Is a hybrid model an answer for British businesses?

May 18, 2010

-Dave Coplin is national technology officer at Microsoft. Any opinions expressed are his own.-

The British economy may technically be out of recession, but it is still not creating the jobs and growth needed to turn back the clock to the upbeat days of the past. And with a looming fiscal crisis, it’s not hard to see why some commentators are predicting the terminal decline of the British economy. I don’t think the situation for Britain is dire — yet. But if businesses want to regenerate economic engines in the future they do need to change.

Astute business leaders know that dramatic social, economic and political changes — in addition to changing workforce demographics, globalisation and rapid developments in social and business technologies — are now fusing together. Ultimately, they will affect every aspect of UK private enterprise – and competitiveness.

Having spoken to prominent industry figures and the Institute of Directors, I am more convinced than ever that the solution to this change is a move to a “hybrid” business model. That means UK businesses need to change their thinking, structures and operations and adopt a more flexible approach or lose out to more nimble competitors in the future.

A looser hybrid model has many benefits, although it isn’t without challenges. In the hybrid business, fixed office space is rejected in favour of giving staff access to shared space in bureaus. Such structural changes have huge benefits, including increased profitability (reduced rental overheads), greater responsiveness to shifting demand and more intense collaboration between workers – not to mention improved agility as businesses quickly spot and exploit market opportunities.

It’s not all sweetness and light though: less fixed office space can put off employees and create a sense of insecurity. But it’s become clear over the last few years that the notion of the office is changing and employees want a flexible approach to work. There is a noticeable move towards sharing in cities such as London, Manchester and Birmingham where office space — as well as coffee, light and power — are shared.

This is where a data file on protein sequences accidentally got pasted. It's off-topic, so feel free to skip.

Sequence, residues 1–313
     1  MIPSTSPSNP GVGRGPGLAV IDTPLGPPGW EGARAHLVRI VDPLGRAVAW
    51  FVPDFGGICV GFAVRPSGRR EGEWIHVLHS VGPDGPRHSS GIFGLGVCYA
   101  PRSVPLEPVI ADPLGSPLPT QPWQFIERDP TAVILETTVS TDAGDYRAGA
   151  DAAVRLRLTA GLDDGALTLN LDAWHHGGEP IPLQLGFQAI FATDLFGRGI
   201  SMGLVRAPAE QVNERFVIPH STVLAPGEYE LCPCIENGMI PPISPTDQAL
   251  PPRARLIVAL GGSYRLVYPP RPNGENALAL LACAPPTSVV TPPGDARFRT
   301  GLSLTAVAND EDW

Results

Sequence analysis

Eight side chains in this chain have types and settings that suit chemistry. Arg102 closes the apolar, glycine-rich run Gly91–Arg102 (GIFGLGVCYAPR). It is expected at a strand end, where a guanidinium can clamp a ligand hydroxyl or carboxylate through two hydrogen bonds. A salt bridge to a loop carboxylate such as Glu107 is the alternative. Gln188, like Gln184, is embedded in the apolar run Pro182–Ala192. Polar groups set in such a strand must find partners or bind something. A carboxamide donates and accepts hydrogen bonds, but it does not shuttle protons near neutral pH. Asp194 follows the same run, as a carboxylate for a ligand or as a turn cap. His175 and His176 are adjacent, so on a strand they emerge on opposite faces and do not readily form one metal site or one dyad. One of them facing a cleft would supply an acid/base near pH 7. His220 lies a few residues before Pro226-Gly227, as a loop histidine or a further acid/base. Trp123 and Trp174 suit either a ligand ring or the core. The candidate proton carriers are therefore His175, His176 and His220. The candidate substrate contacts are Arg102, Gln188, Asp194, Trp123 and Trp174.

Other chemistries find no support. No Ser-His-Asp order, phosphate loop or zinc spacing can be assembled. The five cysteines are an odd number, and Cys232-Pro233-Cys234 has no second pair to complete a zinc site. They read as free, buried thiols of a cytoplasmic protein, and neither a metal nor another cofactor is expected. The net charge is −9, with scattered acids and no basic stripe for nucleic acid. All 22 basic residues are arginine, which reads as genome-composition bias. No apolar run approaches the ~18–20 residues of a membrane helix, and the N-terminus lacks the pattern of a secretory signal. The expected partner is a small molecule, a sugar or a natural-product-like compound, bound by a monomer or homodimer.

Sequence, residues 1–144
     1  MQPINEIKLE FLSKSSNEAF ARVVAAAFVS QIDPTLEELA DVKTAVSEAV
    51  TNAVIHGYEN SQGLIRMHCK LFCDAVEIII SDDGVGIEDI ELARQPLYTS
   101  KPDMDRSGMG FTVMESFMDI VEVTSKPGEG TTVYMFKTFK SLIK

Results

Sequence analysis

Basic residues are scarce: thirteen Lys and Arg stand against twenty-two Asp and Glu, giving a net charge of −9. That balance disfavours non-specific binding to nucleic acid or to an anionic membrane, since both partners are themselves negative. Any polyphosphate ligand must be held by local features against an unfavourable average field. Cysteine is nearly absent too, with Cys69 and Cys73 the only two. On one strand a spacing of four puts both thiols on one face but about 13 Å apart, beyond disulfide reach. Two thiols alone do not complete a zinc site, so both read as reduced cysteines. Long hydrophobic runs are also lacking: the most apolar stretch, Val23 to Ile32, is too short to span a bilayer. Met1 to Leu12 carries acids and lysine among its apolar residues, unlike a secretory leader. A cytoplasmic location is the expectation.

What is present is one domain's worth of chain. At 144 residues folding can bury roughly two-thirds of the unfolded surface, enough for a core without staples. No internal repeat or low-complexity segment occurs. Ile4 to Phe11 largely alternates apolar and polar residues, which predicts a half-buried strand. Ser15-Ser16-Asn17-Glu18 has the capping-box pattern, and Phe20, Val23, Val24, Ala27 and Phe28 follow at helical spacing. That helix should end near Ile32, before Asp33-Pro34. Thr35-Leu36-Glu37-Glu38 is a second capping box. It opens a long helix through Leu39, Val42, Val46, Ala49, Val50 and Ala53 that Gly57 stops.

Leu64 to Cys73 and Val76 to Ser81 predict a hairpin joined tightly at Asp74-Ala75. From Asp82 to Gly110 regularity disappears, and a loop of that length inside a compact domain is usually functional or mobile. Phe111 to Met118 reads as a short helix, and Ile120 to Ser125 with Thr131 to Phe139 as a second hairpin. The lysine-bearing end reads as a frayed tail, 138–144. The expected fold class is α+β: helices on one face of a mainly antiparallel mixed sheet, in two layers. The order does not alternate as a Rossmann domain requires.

A hybrid approach to business is far more employee orientated. In my view, it recognises the blurring demarcation between work and home life. That involves recognition from businesses that as part of expecting staff to be on call 24/7, they must also be able to access modern communication tools — such as social networks and online shopping tools — in the office at all times.

This is liberating for workers, and it makes easier for employers to retain them amid a highly competitive global pool of talent. Company loyalty — not to mention control over the various workers operating from multiple locations — will remain an important aspect of business. There is a danger that an overemphasis on flexibility could actually lead to chaos, lack of creativity, miscommunication and ultimately poor service.

An overemphasis on flexibility is a real danger – one that all companies seeking to implement a hybrid model should be keenly aware off. But it is a risk worth taking because the harsh reality is that whether you like it or not, our foreign competitors are already implementing aspects of the hybrid model. From Shanghai to Seattle, workers are increasingly diffused, IT systems are being accessed via the cloud for a fraction of the cost, and businesses are moving quicker than ever before to exploit new opportunities.

In short, determined foreign competition means that unless we change with the world, the overall competitiveness and agility of UK plc will suffer. I don’t want to see Britain relegated to global economic irrelevance, which is why I passionately believe a move in this direction is a good move for our businesses, economy and society.

Comments are closed.

  •